Dark net raids were 'overblown' by police, says Tor Project
The impact of raids on so-called "dark net" websites has been "way overblown" by police, according to the group responsible for the Tor browser.
Tor is a popular way of accessing the dark net - websites that are hidden from traditional search engines.
A Europol operation last week resulted in 17 arrests of people said to be involved in illegal sites accessed through the network.
A Europol spokeswoman said it had not exaggerated the raid's impact.
But Andrew Lewman, executive director of the Tor Project, told the BBC he felt the significance had been overhyped - and he did not believe the Tor network had been compromised.
"The police have way overblown what they have done," he said.
"This sure made a huge press splash. The simplest explanation is that they probably followed the money trail - following Bitcoin transactions, they managed to find these individuals."
On Friday, Europol said co-ordinated raids between 16 European countries and the US had resulted in "410 hidden services being taken down".
It later clarified this, stating that while 400-plus pages were closed, many were pointing to the same hidden illegal services - the pages had belonged to 27 individual services that were seized.
"They overemphasised what they did," Mr Lewman added. "I wouldn't expect the police to be the ones... you need to trust the police.
"When they say they've busted 400-something, you expect 400-something to have actually been busted. And it doesn't seem that's the case.
"What they've said was, 'Oh no, we've broken apart 400. And no, now it's 50. Now it's 27. And... maybe it's actually less than that.'"
When approached by the BBC, Europol defended its actions and public statements.
"We did not say we took down 414 hidden market places," a spokeswoman said, via email.
"A hidden market place may have a dozen domains pointing to it and making up that market place.
"What we did was remove 414 of those domains which disrupted the operations of many illegal market places."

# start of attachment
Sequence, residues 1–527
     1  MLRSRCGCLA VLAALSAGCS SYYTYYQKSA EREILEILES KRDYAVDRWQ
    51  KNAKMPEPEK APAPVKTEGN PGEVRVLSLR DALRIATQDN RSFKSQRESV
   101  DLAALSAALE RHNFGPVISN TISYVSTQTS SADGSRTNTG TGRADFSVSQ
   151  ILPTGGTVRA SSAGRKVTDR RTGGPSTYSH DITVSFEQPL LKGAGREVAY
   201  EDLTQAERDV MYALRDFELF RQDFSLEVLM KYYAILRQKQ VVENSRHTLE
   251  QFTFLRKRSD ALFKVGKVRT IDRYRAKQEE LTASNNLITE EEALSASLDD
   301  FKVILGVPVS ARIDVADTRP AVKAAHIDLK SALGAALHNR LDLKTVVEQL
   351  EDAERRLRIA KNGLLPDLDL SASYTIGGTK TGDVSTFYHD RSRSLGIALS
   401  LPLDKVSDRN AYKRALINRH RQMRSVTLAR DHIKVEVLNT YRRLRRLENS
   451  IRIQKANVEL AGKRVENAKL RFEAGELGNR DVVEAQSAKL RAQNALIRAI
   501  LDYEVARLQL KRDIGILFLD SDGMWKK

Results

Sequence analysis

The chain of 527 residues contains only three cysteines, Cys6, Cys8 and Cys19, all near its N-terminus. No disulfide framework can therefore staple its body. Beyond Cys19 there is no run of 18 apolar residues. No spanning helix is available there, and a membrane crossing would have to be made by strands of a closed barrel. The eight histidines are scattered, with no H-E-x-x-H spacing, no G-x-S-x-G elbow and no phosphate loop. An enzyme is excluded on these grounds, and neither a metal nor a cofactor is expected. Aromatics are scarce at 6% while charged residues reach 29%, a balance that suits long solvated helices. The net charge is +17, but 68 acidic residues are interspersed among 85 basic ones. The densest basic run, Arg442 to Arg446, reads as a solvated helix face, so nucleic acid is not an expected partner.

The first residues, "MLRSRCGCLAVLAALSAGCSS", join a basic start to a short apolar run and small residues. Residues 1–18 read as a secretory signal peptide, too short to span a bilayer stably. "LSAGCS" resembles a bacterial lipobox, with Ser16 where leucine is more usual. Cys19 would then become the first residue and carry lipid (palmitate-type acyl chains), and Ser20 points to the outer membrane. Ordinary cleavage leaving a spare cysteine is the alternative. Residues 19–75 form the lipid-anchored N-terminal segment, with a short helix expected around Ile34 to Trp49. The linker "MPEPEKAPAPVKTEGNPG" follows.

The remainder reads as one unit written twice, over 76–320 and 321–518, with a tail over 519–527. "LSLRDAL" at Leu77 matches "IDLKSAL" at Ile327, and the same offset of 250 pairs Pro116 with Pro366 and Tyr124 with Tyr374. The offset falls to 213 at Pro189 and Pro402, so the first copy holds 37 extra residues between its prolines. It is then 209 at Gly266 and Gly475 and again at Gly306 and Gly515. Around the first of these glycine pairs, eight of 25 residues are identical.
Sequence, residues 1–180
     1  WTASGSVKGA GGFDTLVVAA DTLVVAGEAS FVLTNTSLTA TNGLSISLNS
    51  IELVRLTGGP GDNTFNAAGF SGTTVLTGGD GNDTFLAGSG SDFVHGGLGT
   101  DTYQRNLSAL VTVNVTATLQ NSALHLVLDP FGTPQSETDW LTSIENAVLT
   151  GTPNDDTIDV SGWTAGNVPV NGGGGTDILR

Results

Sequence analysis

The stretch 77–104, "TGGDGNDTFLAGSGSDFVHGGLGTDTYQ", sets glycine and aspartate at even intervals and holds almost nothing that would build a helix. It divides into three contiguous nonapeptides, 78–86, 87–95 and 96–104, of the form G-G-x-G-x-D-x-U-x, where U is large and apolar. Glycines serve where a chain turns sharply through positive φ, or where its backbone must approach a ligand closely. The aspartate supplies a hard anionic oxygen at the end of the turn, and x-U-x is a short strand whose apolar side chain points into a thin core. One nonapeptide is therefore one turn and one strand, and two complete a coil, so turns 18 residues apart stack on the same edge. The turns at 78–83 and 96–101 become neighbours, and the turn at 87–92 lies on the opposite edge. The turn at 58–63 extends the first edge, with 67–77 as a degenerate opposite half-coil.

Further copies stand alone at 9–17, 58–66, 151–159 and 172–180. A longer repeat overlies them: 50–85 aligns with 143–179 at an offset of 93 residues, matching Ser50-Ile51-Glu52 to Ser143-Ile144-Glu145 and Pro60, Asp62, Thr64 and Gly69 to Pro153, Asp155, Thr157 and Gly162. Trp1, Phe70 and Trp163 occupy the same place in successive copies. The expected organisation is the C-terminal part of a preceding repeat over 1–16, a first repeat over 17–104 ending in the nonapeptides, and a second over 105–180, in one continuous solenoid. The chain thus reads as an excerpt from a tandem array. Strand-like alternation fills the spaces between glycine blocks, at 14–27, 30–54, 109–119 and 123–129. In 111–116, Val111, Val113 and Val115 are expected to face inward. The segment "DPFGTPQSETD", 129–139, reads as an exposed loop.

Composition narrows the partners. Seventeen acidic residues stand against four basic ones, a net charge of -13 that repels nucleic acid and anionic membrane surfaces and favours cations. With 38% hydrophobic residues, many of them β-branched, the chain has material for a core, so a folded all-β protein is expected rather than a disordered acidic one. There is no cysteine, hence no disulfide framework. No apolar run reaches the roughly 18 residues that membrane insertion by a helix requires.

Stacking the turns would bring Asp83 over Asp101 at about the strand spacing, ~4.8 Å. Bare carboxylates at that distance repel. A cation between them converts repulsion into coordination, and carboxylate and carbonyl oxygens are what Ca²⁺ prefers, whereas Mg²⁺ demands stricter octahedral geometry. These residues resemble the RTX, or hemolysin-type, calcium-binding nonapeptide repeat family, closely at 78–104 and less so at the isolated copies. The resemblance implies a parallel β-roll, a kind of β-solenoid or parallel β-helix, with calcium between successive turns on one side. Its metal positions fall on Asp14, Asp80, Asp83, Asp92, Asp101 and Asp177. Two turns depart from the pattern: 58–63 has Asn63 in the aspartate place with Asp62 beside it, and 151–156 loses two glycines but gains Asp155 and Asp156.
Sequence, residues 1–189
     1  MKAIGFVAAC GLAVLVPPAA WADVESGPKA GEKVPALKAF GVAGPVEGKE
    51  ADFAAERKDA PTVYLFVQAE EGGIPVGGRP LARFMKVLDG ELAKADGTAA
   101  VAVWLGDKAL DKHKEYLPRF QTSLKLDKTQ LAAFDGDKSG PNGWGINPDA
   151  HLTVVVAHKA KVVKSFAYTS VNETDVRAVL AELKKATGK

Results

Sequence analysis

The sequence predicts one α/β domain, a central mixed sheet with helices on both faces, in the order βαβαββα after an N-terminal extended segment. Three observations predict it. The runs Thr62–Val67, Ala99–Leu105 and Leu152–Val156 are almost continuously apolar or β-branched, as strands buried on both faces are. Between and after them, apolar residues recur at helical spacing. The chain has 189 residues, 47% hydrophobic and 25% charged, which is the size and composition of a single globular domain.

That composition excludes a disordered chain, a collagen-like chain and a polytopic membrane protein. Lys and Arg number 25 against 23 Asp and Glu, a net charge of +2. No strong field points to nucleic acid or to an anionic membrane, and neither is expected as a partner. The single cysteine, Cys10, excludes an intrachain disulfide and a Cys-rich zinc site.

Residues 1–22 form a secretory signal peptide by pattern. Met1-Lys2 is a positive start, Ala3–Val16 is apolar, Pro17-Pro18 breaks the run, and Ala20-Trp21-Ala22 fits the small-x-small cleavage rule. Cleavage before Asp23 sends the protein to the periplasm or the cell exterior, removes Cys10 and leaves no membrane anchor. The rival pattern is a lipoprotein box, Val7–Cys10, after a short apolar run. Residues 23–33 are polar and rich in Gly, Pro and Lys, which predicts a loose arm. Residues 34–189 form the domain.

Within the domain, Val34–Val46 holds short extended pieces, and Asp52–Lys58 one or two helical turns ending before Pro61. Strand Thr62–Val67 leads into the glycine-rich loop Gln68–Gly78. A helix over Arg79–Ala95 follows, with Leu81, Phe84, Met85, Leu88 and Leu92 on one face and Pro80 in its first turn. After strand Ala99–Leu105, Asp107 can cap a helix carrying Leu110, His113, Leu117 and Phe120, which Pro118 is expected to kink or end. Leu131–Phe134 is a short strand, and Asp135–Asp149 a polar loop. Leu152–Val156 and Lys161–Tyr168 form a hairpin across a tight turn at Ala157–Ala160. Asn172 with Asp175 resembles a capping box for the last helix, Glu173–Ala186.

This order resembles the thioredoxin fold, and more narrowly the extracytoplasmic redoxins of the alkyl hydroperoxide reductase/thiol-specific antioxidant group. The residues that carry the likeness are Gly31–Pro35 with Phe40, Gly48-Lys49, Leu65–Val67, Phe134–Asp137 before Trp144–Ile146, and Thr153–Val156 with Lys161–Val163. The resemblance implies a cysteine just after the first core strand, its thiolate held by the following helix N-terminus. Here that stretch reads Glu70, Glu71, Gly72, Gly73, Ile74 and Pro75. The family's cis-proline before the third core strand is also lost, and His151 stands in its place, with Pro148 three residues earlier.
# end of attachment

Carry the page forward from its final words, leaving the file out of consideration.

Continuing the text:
Mr Lewman suggested that the authorities wanted to give the impression they had "cracked" Tor to deter others from using it for criminal purposes.
"They want to basically tell criminals, 'We're out there looking, and we will catch you', to create this sort of omnipotent ability to break into things," he said.
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Explainer: What is Tor?
Tor is a special way to access the internet that requires software, known as the Tor Browser bundle, to use it.
The name is an acronym for The Onion Router - just as there are many layers to the vegetable, there are many layers of encryption on the network.
It was originally designed by the US Naval Research Laboratory, and continues to receive funding from the US State Department.
It attempts to hide a person's location and identity by sending data across the internet via a very circuitous route involving several "nodes" - which, in this context, means using volunteers' PCs and computer servers as connection points.
Encryption applied at each hop along this route makes it very hard to connect a person to any particular activity.
To the website that ultimately receives the request, it appears as if the data traffic comes from the last computer in the chain - known as an "exit relay" - rather than the person responsible.
As well as allowing users to visit normal websites anonymously, it can also be used as part of a process to host hidden sites, which use the .onion suffix.
Tor's users include the military, law enforcement officers and journalists - who use it as a way of communicating with whistle-blowers - as well as members of the public who wish to keep their browser activity secret.
But it has also been associated with illegal activity, allowing people to visit sites offering illegal drugs for sale and access to child abuse images, which do not show up in normal search engine results and would not be available to those who did not know where to look.